Skip to Content

Nashville Crayfish

  • The Nashville crayfish, Orconectes shoupi, which was federally-listed as Endangered by the U.S. Fish and Wildlife Service (USFWS) in September of 1986.  The Nashville crayfish is known only from Mill Creek and its tributaries in Davidson and Williamson Counties.

 

  • The Concord Road widening project crosses two streams that contain populations of Nashville crayfish.  Those streams are Mill Creek and Owl Creek.  The bridges at these two locations are to be widened.  To widen the bridges, existing concrete bridge piers will be extended, causing a limited loss of crayfish habitat.

 

  • To avoid direct effects on crayfish populations, TDOT biologists and consultants will relocate any crayfish found within the footprint of the construction area.  We will also relocate crayfish from the area immediately downstream of the construction zone, as directed by representatives from the USFWS and Tennessee Wildlife Resources Agency.  All crayfish collected will be transported to areas of suitable habitat in upstream sections of Mill Creek and Owl Creek, then released.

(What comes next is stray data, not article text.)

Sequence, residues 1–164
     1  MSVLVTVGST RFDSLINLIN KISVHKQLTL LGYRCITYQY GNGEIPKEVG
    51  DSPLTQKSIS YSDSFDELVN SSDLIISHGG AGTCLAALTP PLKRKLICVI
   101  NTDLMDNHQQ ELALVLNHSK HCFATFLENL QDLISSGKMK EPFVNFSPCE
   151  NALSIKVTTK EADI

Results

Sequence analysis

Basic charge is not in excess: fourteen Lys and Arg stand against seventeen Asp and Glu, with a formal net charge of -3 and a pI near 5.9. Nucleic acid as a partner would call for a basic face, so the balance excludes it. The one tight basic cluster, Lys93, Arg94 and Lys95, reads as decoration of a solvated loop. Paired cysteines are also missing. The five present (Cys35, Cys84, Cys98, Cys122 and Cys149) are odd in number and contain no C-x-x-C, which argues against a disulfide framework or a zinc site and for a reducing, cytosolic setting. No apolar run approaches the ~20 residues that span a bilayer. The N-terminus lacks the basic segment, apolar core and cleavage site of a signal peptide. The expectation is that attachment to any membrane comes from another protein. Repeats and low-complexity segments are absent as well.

• The crayfish relocations will take place immediately prior to in-stream construction in Mill Creek and Owl Creek.  To further minimize potential harm to crayfish populations, in-stream flow diversions or cofferdams will separate bridge construction activities from flowing waters in these streams.

 

  • There are seasonal restrictions on in-stream construction.  No work in flowing waters is allowed from October 1 through May 30, to ensure that reproductive activities of the crayfish are not affected by construction.  This means that project construction will have to be phased in a manner that allows in-stream work at Mill Creek and Owl Creek to occur during the summer months.  Work on other sections of the project can occur at any time, as long as best management practices for erosion prevention and sediment control are properly implemented.